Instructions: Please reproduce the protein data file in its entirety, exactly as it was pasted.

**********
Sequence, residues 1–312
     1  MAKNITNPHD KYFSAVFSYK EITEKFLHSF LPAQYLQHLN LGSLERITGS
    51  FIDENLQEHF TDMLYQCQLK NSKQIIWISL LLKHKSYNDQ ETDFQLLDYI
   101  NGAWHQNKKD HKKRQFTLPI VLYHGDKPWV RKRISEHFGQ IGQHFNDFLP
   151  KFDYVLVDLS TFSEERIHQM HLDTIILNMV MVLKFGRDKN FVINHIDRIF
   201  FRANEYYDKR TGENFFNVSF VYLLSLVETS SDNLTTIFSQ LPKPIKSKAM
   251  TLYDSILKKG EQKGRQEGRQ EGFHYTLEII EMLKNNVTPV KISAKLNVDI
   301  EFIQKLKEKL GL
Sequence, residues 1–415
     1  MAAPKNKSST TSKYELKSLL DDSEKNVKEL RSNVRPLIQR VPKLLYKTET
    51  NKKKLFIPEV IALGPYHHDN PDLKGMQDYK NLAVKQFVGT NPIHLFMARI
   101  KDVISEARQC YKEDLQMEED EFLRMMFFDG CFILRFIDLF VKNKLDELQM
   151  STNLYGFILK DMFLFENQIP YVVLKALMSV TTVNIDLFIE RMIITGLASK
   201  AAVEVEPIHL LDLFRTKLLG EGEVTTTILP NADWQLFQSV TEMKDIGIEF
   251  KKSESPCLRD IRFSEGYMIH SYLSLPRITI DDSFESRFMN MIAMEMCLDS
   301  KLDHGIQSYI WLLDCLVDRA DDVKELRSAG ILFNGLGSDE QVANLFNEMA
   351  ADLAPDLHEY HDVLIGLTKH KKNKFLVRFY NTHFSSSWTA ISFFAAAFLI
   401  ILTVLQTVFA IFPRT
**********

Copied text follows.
Sequence, residues 1–312
     1  MAKNITNPHD KYFSAVFSYK EITEKFLHSF LPAQYLQHLN LGSLERITGS
    51  FIDENLQEHF TDMLYQCQLK NSKQIIWISL LLKHKSYNDQ ETDFQLLDYI
   101  NGAWHQNKKD HKKRQFTLPI VLYHGDKPWV RKRISEHFGQ IGQHFNDFLP
   151  KFDYVLVDLS TFSEERIHQM HLDTIILNMV MVLKFGRDKN FVINHIDRIF
   201  FRANEYYDKR TGENFFNVSF VYLLSLVETS SDNLTTIFSQ LPKPIKSKAM
   251  TLYDSILKKG EQKGRQEGRQ EGFHYTLEII EMLKNNVTPV KISAKLNVDI
   301  EFIQKLKEKL GL
Sequence, residues 1–415
     1  MAAPKNKSST TSKYELKSLL DDSEKNVKEL RSNVRPLIQR VPKLLYKTET
    51  NKKKLFIPEV IALGPYHHDN PDLKGMQDYK NLAVKQFVGT NPIHLFMARI
   101  KDVISEARQC YKEDLQMEED EFLRMMFFDG CFILRFIDLF VKNKLDELQM
   151  STNLYGFILK DMFLFENQIP YVVLKALMSV TTVNIDLFIE RMIITGLASK
   201  AAVEVEPIHL LDLFRTKLLG EGEVTTTILP NADWQLFQSV TEMKDIGIEF
   251  KKSESPCLRD IRFSEGYMIH SYLSLPRITI DDSFESRFMN MIAMEMCLDS
   301  KLDHGIQSYI WLLDCLVDRA DDVKELRSAG ILFNGLGSDE QVANLFNEMA
   351  ADLAPDLHEY HDVLIGLTKH KKNKFLVRFY NTHFSSSWTA ISFFAAAFLI
   401  ILTVLQTVFA IFPRT